The rapid spread of COVID-19 around the globe has delayed the launch of three US intelligence payloads from New Zealand until at least April 23, launch provider Rocket Lab confirmed April 6.

Rocket Lab announced that they were pausing the scheduled March 30 launch of three National Reconnaissance Office payloads following the New Zealand government’s March 23 announcement that the country would enter Alert Level 4. This forced most businesses to close and the government ordered people to stay at home.

“This decision was made with the full support of the NRO, and we continue to engage with our partners at Rocket Lab as they work with the New Zealand government and local health officials to determine when launch operations can resume,” said NRO spokesperson Laura Lundin. “The launch vehicle and ground systems will remain in a state of readiness for launch as the evolving situation allows.”

Dubbed “Don’t Stop Me Now," the March 30 launch would have been the second NRO mission launch from Rocket Lab’s New Zealand facility under the agency’s new Rapid Acquisition of a Small Rocket contract vehicle. Adopted in 2018, the acquisition method is meant to leverage the growing commercial small satellite launch market and was first used to procure a Jan. 31 launch from Rocket Lab.

During the Don’t Stop Me Now mission, the three NRO payloads would share a ride to space with payloads from NASA and the University of New South Wales, Canberra Space, aboard an Electron rocket. Details about the NRO payloads are protected, the agency said.

With New Zealand expected to remain at Alert Level 4 until April 23, Rocket Lab spokesperson Morgan Bailey confirmed that the launch would not take place before that date.

“We are working closely with our mission partners and the New Zealand government to determine when launch operations can safely resume. The launch vehicle, payloads, and ground systems remain in a state of readiness for launch,” said Bailey in a statement. “Rocket Lab is grateful for the ongoing collaboration and support of our mission partners, including the NRO, through these unprecedented times.”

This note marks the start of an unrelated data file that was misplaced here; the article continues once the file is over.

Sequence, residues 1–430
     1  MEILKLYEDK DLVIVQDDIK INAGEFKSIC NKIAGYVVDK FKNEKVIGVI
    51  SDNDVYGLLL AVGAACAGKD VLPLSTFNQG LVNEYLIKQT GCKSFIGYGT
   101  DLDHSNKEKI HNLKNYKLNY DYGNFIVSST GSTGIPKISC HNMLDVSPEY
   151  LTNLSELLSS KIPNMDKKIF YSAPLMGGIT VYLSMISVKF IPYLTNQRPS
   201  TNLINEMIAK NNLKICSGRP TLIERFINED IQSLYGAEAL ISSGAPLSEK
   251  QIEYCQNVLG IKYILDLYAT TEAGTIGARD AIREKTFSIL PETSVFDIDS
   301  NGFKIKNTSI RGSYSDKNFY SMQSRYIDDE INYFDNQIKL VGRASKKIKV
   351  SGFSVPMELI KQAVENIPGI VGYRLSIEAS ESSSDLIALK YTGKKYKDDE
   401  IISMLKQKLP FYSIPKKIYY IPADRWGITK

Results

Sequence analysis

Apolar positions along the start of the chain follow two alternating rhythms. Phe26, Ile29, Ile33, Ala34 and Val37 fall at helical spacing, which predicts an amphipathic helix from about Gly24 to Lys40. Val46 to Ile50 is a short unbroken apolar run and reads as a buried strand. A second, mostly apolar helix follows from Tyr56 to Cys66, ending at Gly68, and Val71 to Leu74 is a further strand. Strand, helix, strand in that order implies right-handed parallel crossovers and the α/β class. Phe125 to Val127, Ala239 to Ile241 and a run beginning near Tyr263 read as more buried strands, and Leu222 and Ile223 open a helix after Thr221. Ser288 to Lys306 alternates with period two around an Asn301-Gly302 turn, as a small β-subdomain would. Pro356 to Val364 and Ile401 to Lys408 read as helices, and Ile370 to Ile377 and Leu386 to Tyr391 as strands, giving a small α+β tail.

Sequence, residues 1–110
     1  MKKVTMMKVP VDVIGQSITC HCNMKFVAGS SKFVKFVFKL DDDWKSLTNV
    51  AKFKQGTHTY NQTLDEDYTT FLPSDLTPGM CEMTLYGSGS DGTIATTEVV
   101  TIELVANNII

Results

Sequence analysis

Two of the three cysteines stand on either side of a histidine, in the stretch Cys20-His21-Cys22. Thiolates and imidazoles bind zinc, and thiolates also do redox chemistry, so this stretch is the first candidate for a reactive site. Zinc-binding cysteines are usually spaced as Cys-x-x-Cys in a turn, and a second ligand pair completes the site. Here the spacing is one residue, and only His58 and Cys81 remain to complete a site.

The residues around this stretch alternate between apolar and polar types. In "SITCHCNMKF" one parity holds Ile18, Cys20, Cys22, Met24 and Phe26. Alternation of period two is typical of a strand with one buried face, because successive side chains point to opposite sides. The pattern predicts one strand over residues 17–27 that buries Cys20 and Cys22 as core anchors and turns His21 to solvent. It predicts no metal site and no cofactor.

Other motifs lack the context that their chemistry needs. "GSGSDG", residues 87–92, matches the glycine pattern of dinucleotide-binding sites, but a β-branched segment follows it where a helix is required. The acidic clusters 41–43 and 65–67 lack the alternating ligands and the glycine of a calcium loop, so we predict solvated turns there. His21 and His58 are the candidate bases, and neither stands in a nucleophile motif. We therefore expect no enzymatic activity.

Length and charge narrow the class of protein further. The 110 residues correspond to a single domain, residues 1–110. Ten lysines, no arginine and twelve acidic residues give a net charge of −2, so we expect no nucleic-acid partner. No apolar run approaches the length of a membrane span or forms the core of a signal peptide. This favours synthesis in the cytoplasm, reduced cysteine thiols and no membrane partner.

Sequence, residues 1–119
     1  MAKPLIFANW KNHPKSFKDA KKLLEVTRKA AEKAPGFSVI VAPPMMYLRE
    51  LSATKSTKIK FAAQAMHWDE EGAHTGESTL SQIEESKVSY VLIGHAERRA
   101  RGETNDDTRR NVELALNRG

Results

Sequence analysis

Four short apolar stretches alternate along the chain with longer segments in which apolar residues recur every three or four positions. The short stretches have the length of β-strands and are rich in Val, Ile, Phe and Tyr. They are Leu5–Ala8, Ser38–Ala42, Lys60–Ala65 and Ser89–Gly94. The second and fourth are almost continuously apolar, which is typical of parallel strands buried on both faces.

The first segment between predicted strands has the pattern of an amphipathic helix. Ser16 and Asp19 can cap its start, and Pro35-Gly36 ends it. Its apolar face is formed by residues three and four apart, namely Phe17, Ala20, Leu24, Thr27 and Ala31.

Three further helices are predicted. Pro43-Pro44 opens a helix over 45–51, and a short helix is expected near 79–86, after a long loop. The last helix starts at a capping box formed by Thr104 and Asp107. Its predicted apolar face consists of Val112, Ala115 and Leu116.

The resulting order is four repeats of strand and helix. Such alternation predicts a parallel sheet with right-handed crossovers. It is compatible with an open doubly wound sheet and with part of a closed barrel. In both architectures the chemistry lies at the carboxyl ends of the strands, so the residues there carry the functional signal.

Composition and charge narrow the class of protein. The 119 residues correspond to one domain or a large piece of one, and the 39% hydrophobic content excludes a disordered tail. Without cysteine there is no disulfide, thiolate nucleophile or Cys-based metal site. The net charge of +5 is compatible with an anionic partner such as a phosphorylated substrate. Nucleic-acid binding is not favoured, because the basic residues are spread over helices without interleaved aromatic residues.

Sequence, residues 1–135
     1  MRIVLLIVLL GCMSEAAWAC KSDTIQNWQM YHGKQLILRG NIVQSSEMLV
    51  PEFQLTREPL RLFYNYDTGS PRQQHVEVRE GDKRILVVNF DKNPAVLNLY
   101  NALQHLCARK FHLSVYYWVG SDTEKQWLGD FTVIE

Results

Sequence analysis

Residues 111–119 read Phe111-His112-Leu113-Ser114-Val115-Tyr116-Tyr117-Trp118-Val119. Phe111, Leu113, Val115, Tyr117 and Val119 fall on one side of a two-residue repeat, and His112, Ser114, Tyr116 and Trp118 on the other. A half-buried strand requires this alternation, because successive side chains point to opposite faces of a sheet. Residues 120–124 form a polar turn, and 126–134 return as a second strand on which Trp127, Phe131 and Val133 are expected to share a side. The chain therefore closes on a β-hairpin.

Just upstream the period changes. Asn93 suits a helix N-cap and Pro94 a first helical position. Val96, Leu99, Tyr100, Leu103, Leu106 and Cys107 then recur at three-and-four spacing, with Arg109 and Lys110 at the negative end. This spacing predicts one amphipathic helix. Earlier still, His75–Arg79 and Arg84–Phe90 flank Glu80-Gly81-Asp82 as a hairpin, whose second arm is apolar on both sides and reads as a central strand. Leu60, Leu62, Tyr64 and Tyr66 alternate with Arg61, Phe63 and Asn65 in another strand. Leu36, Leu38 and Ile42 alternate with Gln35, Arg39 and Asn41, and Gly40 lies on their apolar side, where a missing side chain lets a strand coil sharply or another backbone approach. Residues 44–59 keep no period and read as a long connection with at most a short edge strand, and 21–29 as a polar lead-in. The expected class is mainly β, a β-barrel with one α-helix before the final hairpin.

The NRO said they were working to mitigate any potential impacts of COVID-19 on future launches.

“The NRO is actively working with its partners across government and industry to identify and mitigate any potential impacts on its future launch schedule as a result of COVID-19,” said Lundlin. “The NRO continues to monitor the ever-changing landscape and develop guidance to stay in front of the emerging issues related to COVID-19 in order to maintain the welfare of our workforce and assure continuation of the NRO’s mission.”

Meanwhile, the Space Force was able to complete its first launch March 26 from Cape Canaveral, Florida. While reducing the number of personnel on the base and practicing social distancing, the newly established sixth branch of the military was able to successfully launch the sixth and final Advanced Extremely High Frequency satellite into orbit aboard a United Launch Alliance Atlas V rocket.

Unrelated to that launch, ULA announced April 6 that an employee at one of their facilities in Denver, Colorado, had tested positive for COVID-19. In a statement, the company noted it was taking precautions, although it would have no impact on future launches.

“Our early and aggressive COVID mitigations have limited the number of personnel exposed. We are executing our prepared and rehearsed response plan and anticipate no impacts to our manifest. ULA continues to proactively take steps to protect our people, slow the spread of the virus, and maintain national security,” said ULA President and CEO Tory Bruno in a statement.

ULA is currently slated to launch the secretive X-37B space plane aboard an Atlas V rocket May 20.

The Space Force’s next scheduled launch is April 29, when it plans to put a GPS III satellite into orbit aboard a SpaceX Falcon 9 from Florida. SpaceX did not immediately respond as to whether the COVID-19 situation would delay that launch.

UPDATE: The Space and Missile Systems Center announced after publication April 7 that the GPS III launch would be delayed to minimize the risk of spreading COVID-19.

Nathan Strout covers space, unmanned and intelligence systems for C4ISRNET.

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